In our view, it is plainly inconsistent with § 208 of ERISA for the accounts of the individual plan members to be "taken off the market" for four months. It is not difficult to see that if a company went through several different reorganizations over a given period, and consequently several plan spinoffs, an individual beneficiary's account could be deprived of several years' growth during repeated delays between asset valuations and transfers. Section 208 is designed to avoid this result.
Telemundo argues that another regulation relating to the determination of the date of a spinoff supports its actions in this case. Treasury Regulation § 1.414(1)-1(b)(11), part of the general definitions applicable to the entire section on mergers, consolidations, and spinoffs (not just spinoffs of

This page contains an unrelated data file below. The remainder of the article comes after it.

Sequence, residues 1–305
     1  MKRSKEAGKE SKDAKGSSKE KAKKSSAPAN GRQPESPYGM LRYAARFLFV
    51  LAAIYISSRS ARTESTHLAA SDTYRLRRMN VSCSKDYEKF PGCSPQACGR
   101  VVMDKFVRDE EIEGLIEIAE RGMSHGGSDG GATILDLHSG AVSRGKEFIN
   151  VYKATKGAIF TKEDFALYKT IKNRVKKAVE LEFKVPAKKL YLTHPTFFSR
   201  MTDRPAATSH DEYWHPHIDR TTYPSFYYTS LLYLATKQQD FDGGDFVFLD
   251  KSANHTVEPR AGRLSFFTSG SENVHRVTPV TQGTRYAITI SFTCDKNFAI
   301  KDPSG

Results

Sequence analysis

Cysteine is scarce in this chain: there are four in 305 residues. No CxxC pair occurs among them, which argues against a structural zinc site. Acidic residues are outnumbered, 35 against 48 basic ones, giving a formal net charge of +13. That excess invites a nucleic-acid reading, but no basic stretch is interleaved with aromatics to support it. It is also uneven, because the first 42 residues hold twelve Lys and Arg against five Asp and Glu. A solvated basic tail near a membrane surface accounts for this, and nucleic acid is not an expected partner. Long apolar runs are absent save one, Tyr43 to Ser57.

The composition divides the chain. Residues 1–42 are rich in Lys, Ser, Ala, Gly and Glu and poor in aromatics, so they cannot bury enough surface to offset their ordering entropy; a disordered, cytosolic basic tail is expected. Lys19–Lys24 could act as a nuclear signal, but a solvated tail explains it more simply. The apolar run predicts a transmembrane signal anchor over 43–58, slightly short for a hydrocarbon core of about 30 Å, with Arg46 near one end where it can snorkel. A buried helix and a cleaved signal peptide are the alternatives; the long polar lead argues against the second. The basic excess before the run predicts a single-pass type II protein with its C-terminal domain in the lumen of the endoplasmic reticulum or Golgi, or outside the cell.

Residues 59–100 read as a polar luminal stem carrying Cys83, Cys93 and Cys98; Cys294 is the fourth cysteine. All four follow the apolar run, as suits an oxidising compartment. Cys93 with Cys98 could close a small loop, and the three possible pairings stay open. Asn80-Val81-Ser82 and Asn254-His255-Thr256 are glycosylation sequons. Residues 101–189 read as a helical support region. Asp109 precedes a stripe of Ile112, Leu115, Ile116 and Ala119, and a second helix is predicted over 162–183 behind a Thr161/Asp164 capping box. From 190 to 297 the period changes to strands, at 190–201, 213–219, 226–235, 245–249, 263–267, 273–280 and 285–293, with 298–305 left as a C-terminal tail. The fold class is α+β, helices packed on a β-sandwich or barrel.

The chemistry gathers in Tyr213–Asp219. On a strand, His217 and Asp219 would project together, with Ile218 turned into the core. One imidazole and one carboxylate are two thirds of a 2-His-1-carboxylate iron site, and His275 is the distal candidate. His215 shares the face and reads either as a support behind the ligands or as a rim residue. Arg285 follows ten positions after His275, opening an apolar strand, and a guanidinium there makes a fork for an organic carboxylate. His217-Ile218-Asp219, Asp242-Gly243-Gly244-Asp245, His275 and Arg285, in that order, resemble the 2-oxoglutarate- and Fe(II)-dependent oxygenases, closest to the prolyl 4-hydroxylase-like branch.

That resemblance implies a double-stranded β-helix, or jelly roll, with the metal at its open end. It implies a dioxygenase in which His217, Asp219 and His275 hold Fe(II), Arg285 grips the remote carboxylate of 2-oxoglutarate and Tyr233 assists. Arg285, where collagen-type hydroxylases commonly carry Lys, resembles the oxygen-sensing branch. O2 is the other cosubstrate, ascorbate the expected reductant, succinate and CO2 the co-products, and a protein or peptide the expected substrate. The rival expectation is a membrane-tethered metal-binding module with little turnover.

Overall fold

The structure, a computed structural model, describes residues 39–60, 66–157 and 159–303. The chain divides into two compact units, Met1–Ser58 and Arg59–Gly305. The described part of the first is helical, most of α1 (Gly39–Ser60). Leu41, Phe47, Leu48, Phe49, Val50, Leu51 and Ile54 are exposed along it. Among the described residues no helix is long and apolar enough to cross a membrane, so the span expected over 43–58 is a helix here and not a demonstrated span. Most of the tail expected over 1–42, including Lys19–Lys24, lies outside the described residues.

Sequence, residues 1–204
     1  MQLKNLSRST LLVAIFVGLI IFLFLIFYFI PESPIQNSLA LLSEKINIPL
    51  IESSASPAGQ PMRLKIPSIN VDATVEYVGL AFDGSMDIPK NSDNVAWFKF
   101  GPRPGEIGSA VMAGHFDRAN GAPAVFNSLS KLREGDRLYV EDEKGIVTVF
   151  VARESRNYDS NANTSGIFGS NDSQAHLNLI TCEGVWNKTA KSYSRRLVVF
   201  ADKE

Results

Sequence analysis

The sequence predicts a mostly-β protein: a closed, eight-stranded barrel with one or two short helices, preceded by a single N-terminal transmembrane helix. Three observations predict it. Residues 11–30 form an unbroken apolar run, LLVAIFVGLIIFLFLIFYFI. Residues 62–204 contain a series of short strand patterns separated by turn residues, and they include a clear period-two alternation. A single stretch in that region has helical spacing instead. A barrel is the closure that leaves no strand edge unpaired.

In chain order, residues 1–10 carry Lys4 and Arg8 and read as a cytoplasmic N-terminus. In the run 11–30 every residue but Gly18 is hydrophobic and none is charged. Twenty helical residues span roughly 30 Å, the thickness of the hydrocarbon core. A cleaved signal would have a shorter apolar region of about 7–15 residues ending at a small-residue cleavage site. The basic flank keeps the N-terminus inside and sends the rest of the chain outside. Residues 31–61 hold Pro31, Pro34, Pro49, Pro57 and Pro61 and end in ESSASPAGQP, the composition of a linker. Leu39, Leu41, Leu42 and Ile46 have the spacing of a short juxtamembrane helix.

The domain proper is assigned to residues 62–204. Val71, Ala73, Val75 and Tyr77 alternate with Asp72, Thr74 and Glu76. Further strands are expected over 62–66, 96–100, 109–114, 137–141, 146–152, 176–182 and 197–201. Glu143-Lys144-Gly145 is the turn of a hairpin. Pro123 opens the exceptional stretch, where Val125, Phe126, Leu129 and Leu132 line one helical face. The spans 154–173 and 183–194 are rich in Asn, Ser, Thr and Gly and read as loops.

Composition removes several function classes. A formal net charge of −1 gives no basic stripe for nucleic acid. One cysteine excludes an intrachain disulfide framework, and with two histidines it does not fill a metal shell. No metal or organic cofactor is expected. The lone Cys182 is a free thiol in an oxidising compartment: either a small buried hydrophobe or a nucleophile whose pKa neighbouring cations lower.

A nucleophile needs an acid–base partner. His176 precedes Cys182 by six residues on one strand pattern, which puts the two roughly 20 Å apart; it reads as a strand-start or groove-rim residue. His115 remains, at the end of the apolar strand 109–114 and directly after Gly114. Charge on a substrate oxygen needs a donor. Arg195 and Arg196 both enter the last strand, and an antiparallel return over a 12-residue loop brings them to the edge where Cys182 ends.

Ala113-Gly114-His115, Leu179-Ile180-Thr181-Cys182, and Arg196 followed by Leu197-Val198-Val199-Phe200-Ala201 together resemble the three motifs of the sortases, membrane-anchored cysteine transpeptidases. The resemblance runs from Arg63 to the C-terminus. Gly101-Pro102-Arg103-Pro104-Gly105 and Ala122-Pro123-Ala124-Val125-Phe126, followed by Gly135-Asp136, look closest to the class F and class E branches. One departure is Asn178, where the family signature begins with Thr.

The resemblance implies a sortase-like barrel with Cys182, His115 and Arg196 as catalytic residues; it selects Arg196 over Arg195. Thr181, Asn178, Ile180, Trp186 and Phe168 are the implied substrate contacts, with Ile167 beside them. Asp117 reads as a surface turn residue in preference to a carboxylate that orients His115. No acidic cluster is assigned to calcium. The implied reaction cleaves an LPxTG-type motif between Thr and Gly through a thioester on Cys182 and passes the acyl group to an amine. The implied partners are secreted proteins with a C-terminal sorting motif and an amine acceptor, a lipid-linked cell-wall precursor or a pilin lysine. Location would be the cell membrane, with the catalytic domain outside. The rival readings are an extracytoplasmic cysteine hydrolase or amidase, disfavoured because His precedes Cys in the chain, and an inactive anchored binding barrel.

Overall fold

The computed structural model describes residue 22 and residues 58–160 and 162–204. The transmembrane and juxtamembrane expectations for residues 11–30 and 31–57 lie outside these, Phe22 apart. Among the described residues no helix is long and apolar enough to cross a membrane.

26 C.F.R. § 1.414(1)-1(b)(11). Pointing to the second enumerated factor, Telemundo argues that the June 30, 1988 valuation date constitutes the date of the "spinoff," and that, since the assets were valued as of the spinoff date, the New Blair participants received on the transfer date the precise amount to which they were entitled. We believe that Telemundo's reading of the regulation would impermissibly contravene § 208.